How should nuclear power be expanded throughout the U.S.?

By , June 22, 2014

Build more plants is obvious. But what is the most efficient way to do so?
Except downsides that effect the expansion efficiency

7 Responses to “How should nuclear power be expanded throughout the U.S.?”

  1. faked z says:


  2. mama says:

    Please don’t. I understand the advantages but they are an open invitation to terrorists.

  3. 66 says:

    they should build more of them…develop CAESARs

  4. mtl says:

    not intended to be an insult, but still, we must always remember history to not repeat it ! We must learn from Tchernobyl, and Three Mile Island. Safety First ! before trying to cut corners and cut costs !

  5. mafiacarstarter says:

    For the capital investment, they are not terribly effecient in a delivered kWh/$ sense. Considering the amount of power that is lost in the transmission lines, the most efficient, and cost effective method for power generation is to have wind and solar power production capabilities tied locally to each municipal area, with privately owned solar electric cells on everyone’s roofs to add to capacity.

    Aside from being extraordinarily expensive, the costs of waste disposal are not included in any estimates given by the government or the power companies, because not only do the power companies not pay for it, no one knows how to effectively deal with the large amounts of radioactive waste generated. It just sits in big holes and leaks into the ground.
    No container made can hold it for the 12,000 to 60,000 years necessary to allow the radiation to dissipate to levels that are only very quickly fatal instead of the instantly fatal levels they start out at.

    As well, there is the terrorism issue, the problem with nuclear fuel disappearing, and the fact that only a very small mistake could cost millions of lives. Look up the Zion nuclear power plant in Illinois.

    The most effecient way to expand nuclear power in the US is to dismantle all of the power plants and seal all of the debris in hundreds of feet of cement.

    How can one not put insults in these answers?
    Asking “How should nuclear power be expanded throughout the U.S.?” is like asking “What is the best way to put pedophiles into every elementary school in the U.S.?”

    Nuclear power is a BAD thing. It should NOT be spread all over this country. It is expensive, inefficient (massive power loss in transmission), very very very dangerous, and produces the most horrendously deadly wastes this world has ever seen. Why would anyone want this to have an even larger presence?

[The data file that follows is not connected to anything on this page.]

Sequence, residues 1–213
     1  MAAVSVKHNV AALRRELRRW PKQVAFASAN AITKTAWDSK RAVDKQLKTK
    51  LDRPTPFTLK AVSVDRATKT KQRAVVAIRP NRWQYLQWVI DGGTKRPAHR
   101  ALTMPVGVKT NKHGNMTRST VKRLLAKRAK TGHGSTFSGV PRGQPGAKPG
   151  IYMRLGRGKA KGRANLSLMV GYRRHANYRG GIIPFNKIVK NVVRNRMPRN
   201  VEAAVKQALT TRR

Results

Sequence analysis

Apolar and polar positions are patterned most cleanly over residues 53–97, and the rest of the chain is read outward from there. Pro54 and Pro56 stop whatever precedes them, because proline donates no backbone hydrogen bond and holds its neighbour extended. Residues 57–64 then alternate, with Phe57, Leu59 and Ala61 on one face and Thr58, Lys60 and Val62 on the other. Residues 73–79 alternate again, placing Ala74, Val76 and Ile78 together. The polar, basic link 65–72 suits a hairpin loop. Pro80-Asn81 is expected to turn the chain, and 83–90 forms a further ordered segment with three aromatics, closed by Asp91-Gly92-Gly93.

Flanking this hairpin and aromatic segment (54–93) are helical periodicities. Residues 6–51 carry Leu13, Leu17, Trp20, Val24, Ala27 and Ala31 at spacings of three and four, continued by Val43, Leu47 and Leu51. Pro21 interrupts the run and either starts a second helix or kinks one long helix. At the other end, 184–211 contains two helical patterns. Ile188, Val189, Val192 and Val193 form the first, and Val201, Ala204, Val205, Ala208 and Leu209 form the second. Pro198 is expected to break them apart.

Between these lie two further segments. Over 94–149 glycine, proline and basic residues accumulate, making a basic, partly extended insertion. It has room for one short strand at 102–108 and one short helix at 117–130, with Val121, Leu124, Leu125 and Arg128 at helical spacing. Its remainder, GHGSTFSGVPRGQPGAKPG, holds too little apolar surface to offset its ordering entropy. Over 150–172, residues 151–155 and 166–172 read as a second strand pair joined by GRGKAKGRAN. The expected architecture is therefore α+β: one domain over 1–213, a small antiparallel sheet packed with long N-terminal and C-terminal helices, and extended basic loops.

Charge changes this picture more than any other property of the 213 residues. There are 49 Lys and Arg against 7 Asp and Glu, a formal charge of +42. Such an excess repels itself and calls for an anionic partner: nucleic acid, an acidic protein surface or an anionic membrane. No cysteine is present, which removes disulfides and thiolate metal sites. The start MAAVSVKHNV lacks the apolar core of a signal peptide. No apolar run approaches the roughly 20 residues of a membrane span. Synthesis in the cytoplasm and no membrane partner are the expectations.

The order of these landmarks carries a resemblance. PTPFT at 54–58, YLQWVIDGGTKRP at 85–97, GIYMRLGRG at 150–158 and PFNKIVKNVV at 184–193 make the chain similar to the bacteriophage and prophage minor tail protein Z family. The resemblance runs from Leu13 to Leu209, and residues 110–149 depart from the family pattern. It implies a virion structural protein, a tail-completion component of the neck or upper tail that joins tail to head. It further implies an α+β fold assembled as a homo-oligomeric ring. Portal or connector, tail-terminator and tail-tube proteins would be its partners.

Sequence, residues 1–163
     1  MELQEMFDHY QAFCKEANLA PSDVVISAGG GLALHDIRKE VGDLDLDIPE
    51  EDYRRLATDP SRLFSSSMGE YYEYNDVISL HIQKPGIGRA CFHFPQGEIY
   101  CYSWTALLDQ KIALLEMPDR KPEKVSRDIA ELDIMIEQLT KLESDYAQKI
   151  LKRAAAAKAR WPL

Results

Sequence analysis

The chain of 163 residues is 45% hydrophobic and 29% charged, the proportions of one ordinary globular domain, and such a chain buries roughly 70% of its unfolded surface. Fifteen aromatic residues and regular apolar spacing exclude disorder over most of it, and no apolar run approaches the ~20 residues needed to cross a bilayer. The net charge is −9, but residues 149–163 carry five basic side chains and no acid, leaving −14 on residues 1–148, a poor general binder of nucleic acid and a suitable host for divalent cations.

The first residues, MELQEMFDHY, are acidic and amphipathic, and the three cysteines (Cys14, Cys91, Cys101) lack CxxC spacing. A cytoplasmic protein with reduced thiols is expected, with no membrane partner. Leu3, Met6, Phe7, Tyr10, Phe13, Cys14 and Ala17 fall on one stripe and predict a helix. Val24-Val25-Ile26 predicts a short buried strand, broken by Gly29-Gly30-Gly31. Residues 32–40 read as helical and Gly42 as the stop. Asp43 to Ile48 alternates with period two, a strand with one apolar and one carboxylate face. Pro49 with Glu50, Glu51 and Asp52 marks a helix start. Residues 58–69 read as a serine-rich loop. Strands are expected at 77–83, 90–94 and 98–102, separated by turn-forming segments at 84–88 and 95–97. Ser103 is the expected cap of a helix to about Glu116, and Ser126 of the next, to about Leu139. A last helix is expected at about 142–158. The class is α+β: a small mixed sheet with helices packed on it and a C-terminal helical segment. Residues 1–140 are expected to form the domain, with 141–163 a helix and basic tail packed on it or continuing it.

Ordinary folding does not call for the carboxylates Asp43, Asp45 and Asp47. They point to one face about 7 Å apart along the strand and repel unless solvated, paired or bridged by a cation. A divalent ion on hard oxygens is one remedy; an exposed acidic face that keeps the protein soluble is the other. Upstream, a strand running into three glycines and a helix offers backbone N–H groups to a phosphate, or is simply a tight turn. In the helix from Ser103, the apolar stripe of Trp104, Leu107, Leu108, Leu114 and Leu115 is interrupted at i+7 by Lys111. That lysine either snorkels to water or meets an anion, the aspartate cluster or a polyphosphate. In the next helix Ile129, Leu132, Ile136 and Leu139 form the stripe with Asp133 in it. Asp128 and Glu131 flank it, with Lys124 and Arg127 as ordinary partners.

6. Slim Shady says:

    It would be good to have it throughout the US but, you know there is going to be that one person not knowing squat about what they’re doing. It only takes one idiot to make just one mistake turning it into a disaster.

  7. g0atbeatr says:

    The word nuclear isn’t all that descriptive. Solar power is nuclear, it comes from fusion reactions inside the sun. Geothermal is nuclear, heat is coming from the decay of unstable elements inside earth.

    To answer your question, the most efficient way to expand nuclear throughout the U.S. is to choose one of the new GENIV reactor designs, which rely on fundamental laws as safety measures (such as the law of gravity), and essentially do a cookie-cutter operation and build hundreds of these plants. By doing so we can reduce costs to a point at which other sources of energy will be non-competitive. We also would need to adopt a reprocessing scheme so that we may reuse our “waste”.

    On the other hand, we could jump into the future a bit and expand upon the ITER program in France to build a thermonuclear reactor. In truth, ITER is never meant to be a power-producing device; however, in the works is the second prototype power plant named DEMO. At this point, a small minority of the population – that has just enough knowledge that it actually hurts them – would like to point out that the ITER reactor uses tritium (which is radioactive) and produces neutrons, which make things radioactive.

    Enter advanced fuels for fusion reactions. One of the many alternate fusion reactions that can be utilized is the D-He3 reactions which produces both an alpha particle and a highly energetic proton. These products can be converted by means of something called Direct Energy Conversion. In short, DEC can be explained in the following way: We get an alpha particle and a proton, both charged particles, from the reaction. Current is time rate change of charge, thus if we have these charged particles moving we have current. There are many ways to extract this current, but most use an electrostatic potential to slow the ion, which then transfers the current to a wire. Efficiencies can be upwards of 90%.

    There is also some more crazy stuff that you can do, like P-B11, but that requires much higher temperatures.

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